Articles | Volume 9, issue 5
Clim. Past, 9, 2285–2298, 2013
Clim. Past, 9, 2285–2298, 2013

Research article 10 Oct 2013

Research article | 10 Oct 2013

Mid- and late Holocene dust deposition in western Europe: the Misten peat bog (Hautes Fagnes – Belgium)

M. Allan1, G. Le Roux2,3, N. Piotrowska4, J. Beghin5, E. Javaux5, M. Court-Picon5,6, N. Mattielli7, S. Verheyden6,8, and N. Fagel1 M. Allan et al.
  • 1AGEs, Department of Geology, University of Liège, B18 Sart Tilman, Liège, Belgium
  • 2Université de Toulouse, INP, UPS, EcoLab (Laboratoire Ecologie Fonctionnelle et Environnement), ENSAT, Avenue de l'Agrobiopole, 31326 Castanet Tolosan, France
  • 3CNRS, EcoLab, 31326 Castanet Tolosan, France
  • 4Department of Radioisotopes, GADAM Centre of Excellence, Institute of Physics, Silesian University of Technology, Gliwice, Poland
  • 5Palaeobiogeology-Palaeobotany-Palaeopalynology, Department of Geology, University of Liège, Liège, Belgium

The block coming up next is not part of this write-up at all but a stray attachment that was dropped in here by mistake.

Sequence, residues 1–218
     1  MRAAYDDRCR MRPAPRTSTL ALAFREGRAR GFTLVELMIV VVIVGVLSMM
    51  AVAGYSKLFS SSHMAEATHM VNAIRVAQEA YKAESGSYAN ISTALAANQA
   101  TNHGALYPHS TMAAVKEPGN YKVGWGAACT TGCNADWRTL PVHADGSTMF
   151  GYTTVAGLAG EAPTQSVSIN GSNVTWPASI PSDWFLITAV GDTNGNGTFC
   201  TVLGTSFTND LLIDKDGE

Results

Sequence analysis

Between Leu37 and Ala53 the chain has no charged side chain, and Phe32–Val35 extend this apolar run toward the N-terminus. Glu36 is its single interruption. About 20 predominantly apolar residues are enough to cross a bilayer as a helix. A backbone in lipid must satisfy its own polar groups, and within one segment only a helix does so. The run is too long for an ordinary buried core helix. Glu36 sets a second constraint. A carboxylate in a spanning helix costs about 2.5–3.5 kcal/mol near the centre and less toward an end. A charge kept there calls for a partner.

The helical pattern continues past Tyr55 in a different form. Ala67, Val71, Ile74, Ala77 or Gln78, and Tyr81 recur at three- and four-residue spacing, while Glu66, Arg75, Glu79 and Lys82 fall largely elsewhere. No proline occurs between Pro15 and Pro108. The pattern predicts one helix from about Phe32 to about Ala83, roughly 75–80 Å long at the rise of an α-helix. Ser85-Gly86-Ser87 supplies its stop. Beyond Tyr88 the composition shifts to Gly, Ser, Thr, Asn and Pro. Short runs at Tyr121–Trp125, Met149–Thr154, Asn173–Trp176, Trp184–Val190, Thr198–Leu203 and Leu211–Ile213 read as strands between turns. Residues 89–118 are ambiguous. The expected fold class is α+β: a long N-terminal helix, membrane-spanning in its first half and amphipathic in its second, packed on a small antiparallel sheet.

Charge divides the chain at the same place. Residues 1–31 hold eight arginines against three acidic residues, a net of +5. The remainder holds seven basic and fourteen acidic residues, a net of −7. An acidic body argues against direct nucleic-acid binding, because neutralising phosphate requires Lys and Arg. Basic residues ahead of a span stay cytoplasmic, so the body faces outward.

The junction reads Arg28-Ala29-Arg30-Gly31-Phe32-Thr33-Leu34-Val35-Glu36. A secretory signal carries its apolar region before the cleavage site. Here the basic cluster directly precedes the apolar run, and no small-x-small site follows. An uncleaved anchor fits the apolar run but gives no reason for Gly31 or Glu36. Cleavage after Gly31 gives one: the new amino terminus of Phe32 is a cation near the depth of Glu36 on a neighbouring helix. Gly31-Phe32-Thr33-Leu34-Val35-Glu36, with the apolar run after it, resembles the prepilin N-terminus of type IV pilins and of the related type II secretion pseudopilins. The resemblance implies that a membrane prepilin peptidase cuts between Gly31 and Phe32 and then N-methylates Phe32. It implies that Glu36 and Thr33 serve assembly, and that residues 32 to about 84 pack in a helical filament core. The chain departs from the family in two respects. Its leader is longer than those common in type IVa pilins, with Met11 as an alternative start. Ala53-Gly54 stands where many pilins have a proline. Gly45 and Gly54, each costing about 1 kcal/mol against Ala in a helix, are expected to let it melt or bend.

• 6Royal Belgian Institute of Natural Sciences, Earth and Life History Division, Vautier street, 1000 Brussels, Belgium
  • 7G-Time, Dept. Earth and Environmental Sciences, Université Libre Bruxelles ULB, Bruxelles, Belgium
  • 8Scientific collaborator of the Vrije Universiteit Brussel, Brussel, Belgium

Abstract. Dust deposition in southern Belgium is estimated from the geochemical signature of an ombrotrophic peatland. The rare earth elements (REE) and lithogenic elements concentrations, as well as Nd isotopes, were determined by HR-ICP-MS and MC-ICP-MS, respectively, along an ~6 m peat section covering 5300 yr, from 2000 to 7300 cal BP, dated by the 14C method. Changes in REE concentration in the peat correlate with those of Ti, Al, Sc and Zr that are lithogenic conservative elements, suggesting that REE are immobile in the studied peat bogs and can be used as tracers of dust deposition. Peat humification and testate amoebae were used to evaluate hydroclimatic conditions. The range of dust deposition varied from 0.03 to 4.0 g m−2 yr−1. The highest dust fluxes were observed from 2750 to 2550 cal BP and from 5150 to 4750 cal BP, and correspond to cold periods. The ϵNd values show a large variability from −13 to −5, identifying three major sources of dusts: local soils, distal volcanic and desert particles.